The Many Moves Of Norman Bell

A CV To Be Proud Of

Norman Bell among a few of the home comforts that his successful and varied career has brought his family.

For someone who served only two clubs in the decade and a half that made up his professional football career, Norman Bell has undergone plenty of ‘transfers’ in his post-playing years.

The striker who became one of the game’s earliest ‘Supersubs’ when frequently stepping off the Molineux bench to good effect in the early 1980s has swapped jobs more often than many players now change clubs.

Best if he himself gives us a run-through…….”I was 28 when injury forced me to quit the game and I went into selling insurance,” he recalls. “I did quite well and was head-hunted for another sales job, this time with United Biscuits.

“Then I moved into selling closed-circuit TV and my background helped open a few doors because I was working alongside the Football Trust at times.

“My next job was as national sales manager for a company who imported ironmongery from the other side of the world.

“Within 12 months, I had been head-hunted again and was off selling furniture made from porcelain. I was project manager looking at markets overseas and was travelling a lot to America and Europe.

“We had a young family, though, so I took a job back in Wolverhampton with James Gibbons, only to pack in after three months when I realised I was travelling even more.

“We decided to start our own business, buying and doing up terrace homes in the Blackburn area, but one of the companies I had previously worked for aproached me about buying them and I got hold of the bathroom accessory side of the business.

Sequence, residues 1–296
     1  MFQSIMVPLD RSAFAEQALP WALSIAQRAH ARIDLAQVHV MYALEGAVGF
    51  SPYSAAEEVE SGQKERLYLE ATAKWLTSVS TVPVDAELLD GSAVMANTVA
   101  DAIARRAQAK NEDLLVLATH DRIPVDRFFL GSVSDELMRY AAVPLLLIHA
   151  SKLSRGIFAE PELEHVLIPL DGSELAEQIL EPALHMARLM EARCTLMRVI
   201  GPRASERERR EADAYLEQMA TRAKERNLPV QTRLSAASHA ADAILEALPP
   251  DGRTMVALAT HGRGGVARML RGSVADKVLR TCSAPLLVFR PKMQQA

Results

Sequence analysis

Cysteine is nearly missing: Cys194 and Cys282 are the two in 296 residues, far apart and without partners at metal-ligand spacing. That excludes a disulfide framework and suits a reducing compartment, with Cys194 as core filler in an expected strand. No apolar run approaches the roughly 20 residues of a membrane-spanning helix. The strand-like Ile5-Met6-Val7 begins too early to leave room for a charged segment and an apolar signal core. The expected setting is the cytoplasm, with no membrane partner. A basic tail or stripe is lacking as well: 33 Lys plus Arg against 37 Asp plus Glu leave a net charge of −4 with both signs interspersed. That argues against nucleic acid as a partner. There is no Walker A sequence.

“That was enjoyable for the best part of ten years and, when I sold it about eight years ago, it allowed me a lot of freedom and the chance of semi-retirement.

“That way of life was fine for 12-15 months before I decided to go back into employment, helping young offenders. I had already done some football coaching for youngsters and came to appreciate the benefits of keeping them off the streets, so I went into it full time.

“I work for the local council in Blackburn and have been with them for seven years. It’s like a last-chance saloon before custody and it’s the only job, apart from football and when I ran my own business, that I’ve stayed in for more than two years.”

Bell crashes home one of his two goals against Wrexham in 1981.

Bell, whose current work has brought him into contact with his former Molineux colleague Bob Hazell, is perhaps best remembered at Wolves for the goals he scored at home to Wrexham (two) and Middlesbrough as substitute in the club’s run to the 1980-81 FA Cup semi-final.

The Sunderland-born 53-year-old had the highly respectable record of 24 goals from exactly 100 Wanderers matches when he moved on in late 1981 to Blackburn, where he scored ten times in 61 League games.

A spell as player-manager of Darwen followed, since when his son Andy has kept the family’s foothold in the game by playing for the likes of England Schoolboys, Wycombe, York, Hednesford and now Fleetwood.

Norman’s uncle, Harry, made 290 League appearances for Middlesbrough and around 125 for Darlington.

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